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Ventricular Assist Device (VAD)

The Heart Institute at Children’s Hospital of Pittsburgh of UPMC has long been a national leader in the use of lifesaving ventricular assist devices (VADs) for children in heart failure.
 
VADs are mechanical devices that take over the pumping action of the heart and offer lifesaving support, most often acting as a bridge to keep patients alive until donor hearts become available for transplantation. Until recently, however, VADs were approved by the FDA only for use in adults and larger adolescents in the United States, but none was designed and approved for use in infants and toddlers. Heart-lung machines and ECMO can keep a child alive for a short time prior to transplant, but when a donor heart is not readily available, and a child needs to be supported for weeks or months, these efforts often are not enough.
 
Prior to FDA approval, Children’s surgeons were able to use an FDC humanitarian device exemption to implant experimental VADs as bridges to transplant for some select pediatric patients.  Surprisingly, almost one-third of the children implanted with VADs ended up not needing the transplant after their hearts were given a chance to heal.  As these children were successfully weaned off their VADs, doctors at the Heart Institute became among the first in the country to use VADs as bridges to recovery, essentially making transplants unnecessary for some patients.
 
One VAD that has shown promise at Children’s is the recently FDA approved Berlin Heart EXCOR® Pediatric, an external pulsatile, pneumatically driven VAD that can be used to support one or both ventricles. Children’s was one of the trial centers for this device and has implanted the Berlin Heart as a mechanical cardiac support system for critically ill pediatric patients suffering from severe heart failure. Unlike standard heart-lung machines, the Berlin Heart Pediatric EXCOR has been used as a short-term,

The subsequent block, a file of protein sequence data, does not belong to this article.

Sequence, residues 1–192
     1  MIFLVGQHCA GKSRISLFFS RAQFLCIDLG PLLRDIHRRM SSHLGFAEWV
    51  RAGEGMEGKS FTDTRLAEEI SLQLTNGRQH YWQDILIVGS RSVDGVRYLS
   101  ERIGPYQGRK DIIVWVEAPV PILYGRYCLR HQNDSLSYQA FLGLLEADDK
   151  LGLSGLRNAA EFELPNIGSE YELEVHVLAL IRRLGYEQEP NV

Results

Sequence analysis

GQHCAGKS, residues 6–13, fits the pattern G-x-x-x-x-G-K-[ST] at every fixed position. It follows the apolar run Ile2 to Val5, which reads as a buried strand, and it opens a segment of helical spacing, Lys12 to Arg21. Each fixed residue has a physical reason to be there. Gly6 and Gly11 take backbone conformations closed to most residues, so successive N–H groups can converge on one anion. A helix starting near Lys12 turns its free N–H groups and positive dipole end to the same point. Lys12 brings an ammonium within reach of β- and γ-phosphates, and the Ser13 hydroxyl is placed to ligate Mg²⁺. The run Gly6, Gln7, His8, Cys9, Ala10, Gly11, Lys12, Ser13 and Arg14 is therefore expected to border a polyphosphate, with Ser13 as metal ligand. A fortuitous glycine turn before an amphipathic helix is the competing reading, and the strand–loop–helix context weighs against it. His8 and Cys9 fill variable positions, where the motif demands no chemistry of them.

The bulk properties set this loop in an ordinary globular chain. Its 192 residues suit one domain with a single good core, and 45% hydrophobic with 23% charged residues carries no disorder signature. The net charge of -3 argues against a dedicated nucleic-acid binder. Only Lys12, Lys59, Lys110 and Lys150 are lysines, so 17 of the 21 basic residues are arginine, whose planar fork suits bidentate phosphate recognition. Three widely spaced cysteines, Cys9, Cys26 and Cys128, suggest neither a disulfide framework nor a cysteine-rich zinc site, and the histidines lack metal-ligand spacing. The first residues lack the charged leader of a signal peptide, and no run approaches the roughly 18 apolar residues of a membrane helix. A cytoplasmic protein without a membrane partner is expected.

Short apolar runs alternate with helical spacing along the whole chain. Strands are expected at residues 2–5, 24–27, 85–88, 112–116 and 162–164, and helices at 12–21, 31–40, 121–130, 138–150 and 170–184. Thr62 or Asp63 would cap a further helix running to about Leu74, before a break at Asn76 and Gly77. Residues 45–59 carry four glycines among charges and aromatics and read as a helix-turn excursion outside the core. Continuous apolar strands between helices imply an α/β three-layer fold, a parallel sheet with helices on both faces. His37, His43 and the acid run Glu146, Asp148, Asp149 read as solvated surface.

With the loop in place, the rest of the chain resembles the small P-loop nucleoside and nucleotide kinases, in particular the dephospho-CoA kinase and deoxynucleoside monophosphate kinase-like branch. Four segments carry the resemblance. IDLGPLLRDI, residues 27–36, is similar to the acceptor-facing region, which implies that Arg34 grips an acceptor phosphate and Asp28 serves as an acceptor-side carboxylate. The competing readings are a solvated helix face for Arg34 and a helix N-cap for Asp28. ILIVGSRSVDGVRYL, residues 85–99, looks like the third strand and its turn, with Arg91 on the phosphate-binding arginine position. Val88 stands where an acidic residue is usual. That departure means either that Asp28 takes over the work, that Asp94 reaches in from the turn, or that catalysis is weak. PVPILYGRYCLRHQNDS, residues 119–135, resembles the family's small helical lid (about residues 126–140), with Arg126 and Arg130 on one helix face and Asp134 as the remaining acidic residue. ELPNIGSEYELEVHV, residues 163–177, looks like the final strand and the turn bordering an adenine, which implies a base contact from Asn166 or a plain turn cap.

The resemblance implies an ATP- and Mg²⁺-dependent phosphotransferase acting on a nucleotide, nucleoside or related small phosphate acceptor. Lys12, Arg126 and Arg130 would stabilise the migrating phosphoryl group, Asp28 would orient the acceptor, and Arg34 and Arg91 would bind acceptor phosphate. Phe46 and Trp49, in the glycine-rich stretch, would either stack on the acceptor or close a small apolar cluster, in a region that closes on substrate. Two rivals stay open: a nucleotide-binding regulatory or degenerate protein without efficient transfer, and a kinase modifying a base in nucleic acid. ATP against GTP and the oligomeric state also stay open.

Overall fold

mid-term, and long-term support system, assisting failing hearts for several days up to several months. Unlike other VADs, EXCOR Pediatric can be used to support children of all age groups, from newborns to teenagers.
 
VAD Research at Children’s
Children’s cardiac surgeon Peter Wearden, MD, PhD, is working with a team of engineers and industry to develop the PediaFlow,® a fully implantable pediatric VAD. The PediaFlow is one of four pediatric VADs being developed as part of the $23.6 million National Institutes of
PediaFlow
Health (NIH)-funded Pumps for Kids, Infants, and Neonates (PumpKIN) Program.
 
The PediaFlow is about the size of an AA battery, and has a fully magnetic impeller that is more biocompatible than other designs. The new device could allow patients to stay on support for longer lengths of time, enabling their hearts to recover before transplant.
 
Last Update
July 10, 2013
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Last Update
July 10, 2013
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